My Schoolfellows, My Patrons, My Public: English Schoolboy Authorship 1786-1798.
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Over the course of the eighteenth century, schoolboys were prolific writers, producing poetry, speeches, plays, periodicals, and novels to entertain their schoolfellows as well as a broader public, who listened to and read their work, criticised it, copied it, circulated it, had it printed, and purchased it. My research has yielded over seventy works published in print and manuscript by boys at English schools between 1660 and 1800. Yet schoolboy authors have been largely ignored by scholars, even as recent work has been produced on the history of education, on childhood, and on the rise of children’s literature as a distinct genre in the mid-to-late eighteenth century. This thesis provides a survey of the corpus of schoolboy writing, along with three case studies of schoolboy authors who published between 1787 and 1800. The first case study concerns three schoolboy-authored periodicals: The Microcosm (1786–1787), The Trifler (1788), and The Flagellant (1792), which together form the largest corpus of identifiable schoolboy writing in print. The second study considers the work of James Boswell Jr (1778-1822), son of the biographer, whose juvenilia comprises verses, essays, plays, and letters, and is possibly the largest extant collection of extra-curricular literary manuscripts by a single eighteenth-century schoolboy. The third study examines a nearly five hundred page manuscript novel loosely based on Robinson Crusoe, written and illustrated by a boy named Jonathan Banks, at an unidentified school, probably in the mid-1790s. In surveying how schoolboy authors chose genres and formats, circulated material, and interacted with their intended and actual audiences, I hope to reveal how the experience of the schoolroom influenced their writing, how they defined authorship, both for themselves and their readers, and how their schools functioned as a space of literary production and consumption.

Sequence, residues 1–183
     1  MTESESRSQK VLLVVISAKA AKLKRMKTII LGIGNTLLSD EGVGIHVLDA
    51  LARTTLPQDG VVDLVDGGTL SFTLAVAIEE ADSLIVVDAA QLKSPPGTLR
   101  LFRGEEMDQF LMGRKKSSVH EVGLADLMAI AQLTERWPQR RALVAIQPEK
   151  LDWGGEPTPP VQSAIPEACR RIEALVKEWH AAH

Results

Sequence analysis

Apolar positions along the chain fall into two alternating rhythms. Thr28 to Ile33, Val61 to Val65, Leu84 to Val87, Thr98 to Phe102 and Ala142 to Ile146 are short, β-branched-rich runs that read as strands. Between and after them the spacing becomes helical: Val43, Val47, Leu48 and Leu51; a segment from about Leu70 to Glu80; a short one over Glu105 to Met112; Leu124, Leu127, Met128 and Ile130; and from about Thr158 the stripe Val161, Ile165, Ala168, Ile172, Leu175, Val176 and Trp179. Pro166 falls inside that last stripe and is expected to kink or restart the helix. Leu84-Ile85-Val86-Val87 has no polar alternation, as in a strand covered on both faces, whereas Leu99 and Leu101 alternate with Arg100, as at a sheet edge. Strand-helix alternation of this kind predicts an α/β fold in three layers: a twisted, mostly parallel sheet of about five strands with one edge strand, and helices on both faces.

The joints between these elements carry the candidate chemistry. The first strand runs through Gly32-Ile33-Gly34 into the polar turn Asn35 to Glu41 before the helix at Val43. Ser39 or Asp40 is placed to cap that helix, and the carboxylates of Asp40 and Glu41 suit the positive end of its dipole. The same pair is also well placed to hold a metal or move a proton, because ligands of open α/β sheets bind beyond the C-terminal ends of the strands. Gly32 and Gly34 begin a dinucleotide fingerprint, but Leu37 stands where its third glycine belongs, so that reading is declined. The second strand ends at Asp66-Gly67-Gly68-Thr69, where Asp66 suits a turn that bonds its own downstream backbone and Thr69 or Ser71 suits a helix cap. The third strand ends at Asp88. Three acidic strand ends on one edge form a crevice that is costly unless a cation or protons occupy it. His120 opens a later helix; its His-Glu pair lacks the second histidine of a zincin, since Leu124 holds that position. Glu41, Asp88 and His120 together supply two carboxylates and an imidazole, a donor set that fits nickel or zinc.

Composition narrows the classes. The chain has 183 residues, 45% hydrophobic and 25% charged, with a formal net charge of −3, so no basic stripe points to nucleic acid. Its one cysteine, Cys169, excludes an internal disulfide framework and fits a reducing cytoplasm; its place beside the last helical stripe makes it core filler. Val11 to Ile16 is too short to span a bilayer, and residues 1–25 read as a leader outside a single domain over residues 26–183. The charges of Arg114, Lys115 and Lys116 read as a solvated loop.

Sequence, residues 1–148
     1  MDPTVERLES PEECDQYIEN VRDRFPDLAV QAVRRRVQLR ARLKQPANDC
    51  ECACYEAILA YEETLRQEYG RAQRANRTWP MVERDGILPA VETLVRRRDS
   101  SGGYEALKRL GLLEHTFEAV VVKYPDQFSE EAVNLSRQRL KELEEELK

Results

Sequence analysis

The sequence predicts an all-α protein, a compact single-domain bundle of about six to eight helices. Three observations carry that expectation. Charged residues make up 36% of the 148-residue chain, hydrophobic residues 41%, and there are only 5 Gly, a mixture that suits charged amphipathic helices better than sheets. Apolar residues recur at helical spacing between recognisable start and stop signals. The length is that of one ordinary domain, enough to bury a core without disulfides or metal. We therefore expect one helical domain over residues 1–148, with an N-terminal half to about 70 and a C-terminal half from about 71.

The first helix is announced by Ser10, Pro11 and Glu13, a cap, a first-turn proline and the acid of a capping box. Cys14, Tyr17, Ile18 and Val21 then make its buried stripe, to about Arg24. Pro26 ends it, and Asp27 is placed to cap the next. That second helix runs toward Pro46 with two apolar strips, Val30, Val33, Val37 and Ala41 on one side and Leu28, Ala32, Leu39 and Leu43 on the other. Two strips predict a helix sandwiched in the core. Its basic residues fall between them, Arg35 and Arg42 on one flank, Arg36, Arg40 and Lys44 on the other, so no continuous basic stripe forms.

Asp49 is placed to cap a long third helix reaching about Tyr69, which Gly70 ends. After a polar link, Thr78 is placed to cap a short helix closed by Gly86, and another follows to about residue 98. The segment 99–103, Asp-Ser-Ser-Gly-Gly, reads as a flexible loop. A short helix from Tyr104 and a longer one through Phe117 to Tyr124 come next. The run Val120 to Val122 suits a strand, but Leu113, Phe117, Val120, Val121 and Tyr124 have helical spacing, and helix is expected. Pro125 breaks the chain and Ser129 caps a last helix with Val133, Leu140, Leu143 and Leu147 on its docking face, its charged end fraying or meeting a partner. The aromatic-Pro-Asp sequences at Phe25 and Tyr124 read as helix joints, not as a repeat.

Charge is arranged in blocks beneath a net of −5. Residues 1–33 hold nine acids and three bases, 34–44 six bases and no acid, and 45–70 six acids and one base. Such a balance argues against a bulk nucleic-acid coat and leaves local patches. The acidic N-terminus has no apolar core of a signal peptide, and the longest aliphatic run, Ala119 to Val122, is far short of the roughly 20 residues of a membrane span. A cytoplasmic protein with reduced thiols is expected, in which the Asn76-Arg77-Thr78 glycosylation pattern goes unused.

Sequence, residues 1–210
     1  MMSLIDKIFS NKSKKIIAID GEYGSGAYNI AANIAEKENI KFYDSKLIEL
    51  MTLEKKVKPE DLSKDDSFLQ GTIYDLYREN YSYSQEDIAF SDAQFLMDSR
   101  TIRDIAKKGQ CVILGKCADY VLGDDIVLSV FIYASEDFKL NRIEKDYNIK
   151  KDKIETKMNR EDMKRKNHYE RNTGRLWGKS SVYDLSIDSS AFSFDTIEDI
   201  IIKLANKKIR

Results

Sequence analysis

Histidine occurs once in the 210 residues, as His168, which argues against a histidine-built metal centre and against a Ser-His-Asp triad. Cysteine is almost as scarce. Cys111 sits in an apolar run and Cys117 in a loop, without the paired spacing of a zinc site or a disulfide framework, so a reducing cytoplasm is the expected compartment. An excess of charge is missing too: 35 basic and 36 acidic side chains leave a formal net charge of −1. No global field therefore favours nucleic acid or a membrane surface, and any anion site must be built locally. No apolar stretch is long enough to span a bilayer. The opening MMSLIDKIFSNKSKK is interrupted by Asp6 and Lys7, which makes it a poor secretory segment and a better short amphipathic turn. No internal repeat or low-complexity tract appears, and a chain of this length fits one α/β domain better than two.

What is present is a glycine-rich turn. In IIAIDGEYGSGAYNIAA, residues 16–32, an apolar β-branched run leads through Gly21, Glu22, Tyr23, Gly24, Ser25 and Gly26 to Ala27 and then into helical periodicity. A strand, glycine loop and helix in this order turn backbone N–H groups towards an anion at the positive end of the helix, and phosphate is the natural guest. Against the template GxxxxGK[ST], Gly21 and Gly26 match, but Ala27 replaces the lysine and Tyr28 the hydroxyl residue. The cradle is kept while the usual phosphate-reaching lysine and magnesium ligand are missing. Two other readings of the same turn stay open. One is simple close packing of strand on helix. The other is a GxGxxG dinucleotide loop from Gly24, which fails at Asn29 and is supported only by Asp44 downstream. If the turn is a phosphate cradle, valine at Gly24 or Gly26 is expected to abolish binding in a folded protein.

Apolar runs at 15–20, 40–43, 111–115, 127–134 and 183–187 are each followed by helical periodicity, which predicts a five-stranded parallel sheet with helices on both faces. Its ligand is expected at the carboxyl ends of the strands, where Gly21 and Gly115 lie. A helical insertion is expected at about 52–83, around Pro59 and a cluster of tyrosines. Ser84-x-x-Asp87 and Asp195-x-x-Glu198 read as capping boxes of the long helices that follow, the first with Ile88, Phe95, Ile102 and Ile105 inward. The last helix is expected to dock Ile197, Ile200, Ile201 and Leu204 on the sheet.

AuthorsGage, Jill Elizabeth
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